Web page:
As a continuation of the Quality & Accountability (Q&A) Week 2021, the sixth virtual session, jointly hosted and organised by ADRRN’s Quality and Accountability (Q&A) Hub, Sphere, CHS Alliance, ACT Alliance, ALNAP and Community World Service Asia (CWSA), focused on exploring ways to ensure inclusion for efficient child safeguarding into programs, safeguarding efforts, communications and complaints handling.
“Defining who is a child in the humanitarian aid sector is critical. Any person under the age of 18 is classified as a child. Most organisations, regardless of local or cultural traditions, accept the international definition,” Ester Dross stated during the ‘Child Safeguarding’ webinar on May 24th, 2022.
What is child abuse?
What are the symptoms?
What are the consequences?
While raising these questions in the virtual event, Ester Dross said, “Child abuse includes physical, emotional/psychological and sexual abuse, neglect and negligent treatment, exploitation and violence in all forms. It is essential to have a clear definition in our policies and guidelines when addressing child safeguarding.” Ahmad Alaghawani, Safeguarding Officer at Islamic Relief in Jordan, joined the webinar as the guest speaker. More than ninety humanitarian and development practitioners, from Asia and Europe, participated in this 90-minute webinar bringing together a wide array of diverse expertise and knowledge on safeguarding to learn from.
Child Safeguarding vs Child Protection
“Organisational commitment to preventing and responding to abuse of children, by its own staff is referred to as child safeguarding. On the other hand, the mechanism by which an organisation seeks to fulfil children rights in their communities is referred to as child protection,” shared Ester.
All organisations that engage with or come into contact with children should have safeguarding policies and procedures in place. “Knowing the principles of child safeguarding guarantees that every child, regardless of age, disability, gender reassignment, colour, religion or belief, sex, or sexual orientation, has an equal right to be safe. Establishing and adhering to safeguarding principles ensures that children are safe and protected from any kind of harm.” Key principles highlighted in the webinar included:
- Children having equal rights to protection from abuse and exploitation
- Organisation obligated to taking reasonable measures to prevent harm
- Appropriately using photos of children
- Acquiring skills and specialised knowledge to adhere to safeguarding policies
- Working for the best interest of children
- Treating reports with confidentiality and seriousness
- Ensuring partners’ responsibility to meet minimum standards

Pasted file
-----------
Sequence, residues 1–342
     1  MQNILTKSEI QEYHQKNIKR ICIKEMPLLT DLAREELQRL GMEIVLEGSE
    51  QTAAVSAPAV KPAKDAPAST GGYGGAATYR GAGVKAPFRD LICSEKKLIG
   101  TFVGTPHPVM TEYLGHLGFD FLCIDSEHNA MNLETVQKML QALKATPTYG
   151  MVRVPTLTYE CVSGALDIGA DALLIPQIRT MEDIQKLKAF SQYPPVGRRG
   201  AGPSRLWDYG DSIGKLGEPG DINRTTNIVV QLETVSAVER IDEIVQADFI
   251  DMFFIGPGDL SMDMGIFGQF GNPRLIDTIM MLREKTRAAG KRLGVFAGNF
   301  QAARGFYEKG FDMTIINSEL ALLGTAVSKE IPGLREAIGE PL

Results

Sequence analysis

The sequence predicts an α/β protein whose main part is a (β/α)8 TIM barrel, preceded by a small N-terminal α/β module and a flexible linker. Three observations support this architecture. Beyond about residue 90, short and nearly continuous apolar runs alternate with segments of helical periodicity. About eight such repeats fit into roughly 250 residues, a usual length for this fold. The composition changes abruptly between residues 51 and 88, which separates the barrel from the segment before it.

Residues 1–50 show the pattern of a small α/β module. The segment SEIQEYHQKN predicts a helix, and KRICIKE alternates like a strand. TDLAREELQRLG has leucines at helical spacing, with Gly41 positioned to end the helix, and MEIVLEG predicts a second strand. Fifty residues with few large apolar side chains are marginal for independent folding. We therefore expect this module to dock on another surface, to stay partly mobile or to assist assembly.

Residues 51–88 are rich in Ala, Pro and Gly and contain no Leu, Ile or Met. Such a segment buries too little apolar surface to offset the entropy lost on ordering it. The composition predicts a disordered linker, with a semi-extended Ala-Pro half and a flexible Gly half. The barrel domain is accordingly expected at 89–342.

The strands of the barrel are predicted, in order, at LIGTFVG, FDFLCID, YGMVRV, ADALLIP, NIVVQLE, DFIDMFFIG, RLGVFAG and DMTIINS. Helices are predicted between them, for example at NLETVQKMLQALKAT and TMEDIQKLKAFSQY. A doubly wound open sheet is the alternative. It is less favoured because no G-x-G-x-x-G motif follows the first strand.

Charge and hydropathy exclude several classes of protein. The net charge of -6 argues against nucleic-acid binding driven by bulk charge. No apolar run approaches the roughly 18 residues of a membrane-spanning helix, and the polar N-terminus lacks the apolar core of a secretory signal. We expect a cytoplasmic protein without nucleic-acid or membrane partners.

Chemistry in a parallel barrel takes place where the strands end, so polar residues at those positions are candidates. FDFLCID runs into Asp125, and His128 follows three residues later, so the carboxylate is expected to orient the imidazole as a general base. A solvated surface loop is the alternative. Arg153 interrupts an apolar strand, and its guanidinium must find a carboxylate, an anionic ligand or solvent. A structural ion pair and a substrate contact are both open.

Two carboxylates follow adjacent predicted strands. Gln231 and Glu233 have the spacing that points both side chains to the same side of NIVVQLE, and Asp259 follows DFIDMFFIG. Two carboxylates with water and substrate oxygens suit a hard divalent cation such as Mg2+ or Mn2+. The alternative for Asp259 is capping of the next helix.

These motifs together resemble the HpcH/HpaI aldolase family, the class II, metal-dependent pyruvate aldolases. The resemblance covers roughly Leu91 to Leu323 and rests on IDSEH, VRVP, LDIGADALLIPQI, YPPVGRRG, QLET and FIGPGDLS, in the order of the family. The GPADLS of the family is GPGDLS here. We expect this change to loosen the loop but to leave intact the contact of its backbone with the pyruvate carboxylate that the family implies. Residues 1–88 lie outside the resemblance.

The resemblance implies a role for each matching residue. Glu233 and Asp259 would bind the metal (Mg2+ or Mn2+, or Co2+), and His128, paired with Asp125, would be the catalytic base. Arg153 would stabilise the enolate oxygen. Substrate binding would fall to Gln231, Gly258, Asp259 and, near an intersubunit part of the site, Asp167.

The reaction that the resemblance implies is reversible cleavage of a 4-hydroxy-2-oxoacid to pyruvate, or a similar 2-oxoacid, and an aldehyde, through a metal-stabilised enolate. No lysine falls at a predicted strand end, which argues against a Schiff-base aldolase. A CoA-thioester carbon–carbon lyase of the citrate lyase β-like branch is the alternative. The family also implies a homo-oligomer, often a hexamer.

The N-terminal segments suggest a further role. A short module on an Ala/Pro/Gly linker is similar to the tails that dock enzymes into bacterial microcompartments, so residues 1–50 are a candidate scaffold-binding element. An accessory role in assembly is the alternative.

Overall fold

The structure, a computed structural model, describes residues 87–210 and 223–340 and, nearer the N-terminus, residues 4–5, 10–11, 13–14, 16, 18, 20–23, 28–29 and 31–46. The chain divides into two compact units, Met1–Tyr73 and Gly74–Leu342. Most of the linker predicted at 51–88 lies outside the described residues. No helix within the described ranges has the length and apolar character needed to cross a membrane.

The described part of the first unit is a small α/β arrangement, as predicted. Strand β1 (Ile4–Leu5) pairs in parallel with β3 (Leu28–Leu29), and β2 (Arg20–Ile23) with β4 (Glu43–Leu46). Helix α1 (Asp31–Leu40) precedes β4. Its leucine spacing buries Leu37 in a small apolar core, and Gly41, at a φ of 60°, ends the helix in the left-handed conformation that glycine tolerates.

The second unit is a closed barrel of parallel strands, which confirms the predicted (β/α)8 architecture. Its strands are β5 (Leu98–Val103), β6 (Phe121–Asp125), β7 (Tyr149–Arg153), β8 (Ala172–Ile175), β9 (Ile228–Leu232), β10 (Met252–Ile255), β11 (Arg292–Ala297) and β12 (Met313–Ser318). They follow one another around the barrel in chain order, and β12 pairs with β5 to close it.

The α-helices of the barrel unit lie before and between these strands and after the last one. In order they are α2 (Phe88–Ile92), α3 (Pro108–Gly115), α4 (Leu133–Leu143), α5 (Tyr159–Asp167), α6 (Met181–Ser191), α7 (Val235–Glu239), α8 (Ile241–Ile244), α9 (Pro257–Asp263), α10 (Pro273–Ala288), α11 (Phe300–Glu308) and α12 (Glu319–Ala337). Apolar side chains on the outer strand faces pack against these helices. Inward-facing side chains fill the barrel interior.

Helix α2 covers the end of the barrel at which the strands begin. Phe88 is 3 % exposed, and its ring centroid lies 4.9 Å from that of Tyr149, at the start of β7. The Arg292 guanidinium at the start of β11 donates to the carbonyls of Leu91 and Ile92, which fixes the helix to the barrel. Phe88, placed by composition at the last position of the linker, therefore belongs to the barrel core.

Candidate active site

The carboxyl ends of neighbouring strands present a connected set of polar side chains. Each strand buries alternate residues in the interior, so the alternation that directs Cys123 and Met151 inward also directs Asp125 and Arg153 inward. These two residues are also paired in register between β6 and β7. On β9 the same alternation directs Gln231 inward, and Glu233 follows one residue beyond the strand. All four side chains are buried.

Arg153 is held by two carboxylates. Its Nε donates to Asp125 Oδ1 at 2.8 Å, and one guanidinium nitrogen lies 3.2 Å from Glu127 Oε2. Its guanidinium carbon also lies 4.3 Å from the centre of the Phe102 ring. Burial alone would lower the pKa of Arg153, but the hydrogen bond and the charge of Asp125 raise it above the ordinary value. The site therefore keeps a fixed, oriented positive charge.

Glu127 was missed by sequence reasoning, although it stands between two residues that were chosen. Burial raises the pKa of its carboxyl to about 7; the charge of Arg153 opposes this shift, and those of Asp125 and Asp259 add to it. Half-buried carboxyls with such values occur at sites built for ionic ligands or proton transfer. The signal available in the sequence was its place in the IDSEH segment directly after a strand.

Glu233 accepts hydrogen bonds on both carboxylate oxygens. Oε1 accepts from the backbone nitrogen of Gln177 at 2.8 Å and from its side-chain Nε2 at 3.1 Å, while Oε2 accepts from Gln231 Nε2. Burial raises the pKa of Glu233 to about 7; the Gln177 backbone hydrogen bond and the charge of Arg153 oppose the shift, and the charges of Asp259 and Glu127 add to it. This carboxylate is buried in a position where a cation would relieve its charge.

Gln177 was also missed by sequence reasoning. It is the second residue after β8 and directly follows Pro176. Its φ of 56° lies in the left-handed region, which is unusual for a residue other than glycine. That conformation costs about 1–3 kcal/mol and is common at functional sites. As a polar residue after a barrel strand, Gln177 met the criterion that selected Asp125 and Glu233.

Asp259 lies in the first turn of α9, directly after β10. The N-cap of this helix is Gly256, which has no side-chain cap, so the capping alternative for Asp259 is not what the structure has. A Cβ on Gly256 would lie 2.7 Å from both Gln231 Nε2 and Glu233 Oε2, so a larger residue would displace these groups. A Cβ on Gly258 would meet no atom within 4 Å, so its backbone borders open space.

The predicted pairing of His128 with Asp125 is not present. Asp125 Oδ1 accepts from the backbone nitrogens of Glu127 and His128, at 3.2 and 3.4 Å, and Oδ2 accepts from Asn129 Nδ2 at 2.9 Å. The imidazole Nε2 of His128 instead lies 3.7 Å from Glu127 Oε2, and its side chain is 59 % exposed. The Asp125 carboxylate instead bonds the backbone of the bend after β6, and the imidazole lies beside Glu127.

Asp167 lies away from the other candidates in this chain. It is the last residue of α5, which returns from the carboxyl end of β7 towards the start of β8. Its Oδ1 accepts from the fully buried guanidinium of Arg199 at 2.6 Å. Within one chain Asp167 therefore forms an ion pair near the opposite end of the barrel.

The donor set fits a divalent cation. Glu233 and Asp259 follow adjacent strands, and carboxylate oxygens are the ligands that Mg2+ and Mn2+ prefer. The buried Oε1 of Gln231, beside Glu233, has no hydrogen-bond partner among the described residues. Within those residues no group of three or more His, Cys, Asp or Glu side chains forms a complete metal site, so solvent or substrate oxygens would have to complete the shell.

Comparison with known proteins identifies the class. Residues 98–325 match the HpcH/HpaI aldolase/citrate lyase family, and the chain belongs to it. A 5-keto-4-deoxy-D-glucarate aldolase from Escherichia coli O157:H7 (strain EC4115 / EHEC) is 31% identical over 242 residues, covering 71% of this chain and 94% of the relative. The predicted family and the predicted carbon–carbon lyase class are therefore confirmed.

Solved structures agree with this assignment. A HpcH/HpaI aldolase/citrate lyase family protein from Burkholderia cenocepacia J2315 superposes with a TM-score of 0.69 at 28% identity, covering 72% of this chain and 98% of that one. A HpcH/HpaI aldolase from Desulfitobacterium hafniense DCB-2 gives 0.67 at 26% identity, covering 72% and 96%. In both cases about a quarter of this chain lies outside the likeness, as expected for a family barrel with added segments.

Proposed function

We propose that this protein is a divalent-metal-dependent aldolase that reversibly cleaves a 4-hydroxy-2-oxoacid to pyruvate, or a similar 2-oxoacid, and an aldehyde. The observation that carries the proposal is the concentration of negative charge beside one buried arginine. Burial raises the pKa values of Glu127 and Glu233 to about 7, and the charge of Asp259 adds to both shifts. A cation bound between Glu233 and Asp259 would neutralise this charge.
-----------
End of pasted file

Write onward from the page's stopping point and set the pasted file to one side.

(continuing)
Safeguarding as a Key Responsibility
“At Islamic Relief, we ensure that its staff, operations and programmes do not harm children, young people and people at risk and do not cause them to be at greater risk of harm from others” said Ahmad Alaghawani, “We have policies and guidelines on Child Safeguarding, People at Risk, PSEAH, Code of Conduct and Dignity at Work.”
The safeguarding, protection and wellbeing of those we serve have been a core area of Islamic Relief’s work over the past 34 years. In working with vulnerable children of all ages and abilities around the world, Islamic Relief takes seriously its responsibility to protect and safeguard children from all types of abuses.
The organisation has developed a complaint mechanism for children after conducting focal group discussions (FDG) with the staff who directly works with children to address the challenges they encountered while dealing with children. “Some key recommendations that came out from the FDGs included training of teachers on child behaviour and special care of Syrian children refugees, establishing a complaints and feedback mechanism specifically for children and sensitising children on what is right and wrong to create a safe space,” shared Ahmed.
The complaint mechanism for children focuses on raising awareness among teachers, families and children on child safeguarding and protection. Ahmed further added, “The staff at Islamic Relief has to attend a mandatory training on Safeguarding. We also have extensive IEC material which consists of information of different kinds of abuse and exploitation and steps that need to be taken by the communities and children at risk to address the vulnerable situations. Moreover, we conduct awareness sessions to sensitise communities and right holders on our complaint mechanism and ways to report SEAH.” Organisations of all types and sizes to implement rigorous policies, processes and tests to protect children from abuse. “That could mean training staff to understand appropriate language and behaviour. Encouraging teams to run background checks on new recruits. And helping families and communities to understand what they can do to support young people at risk. All organisations have a responsibility to protect children from harm and it is imperative we exercise our responsibility seriously and accountably,” concluded Ester.
 Prevention of sexual exploitation, abuse and harassment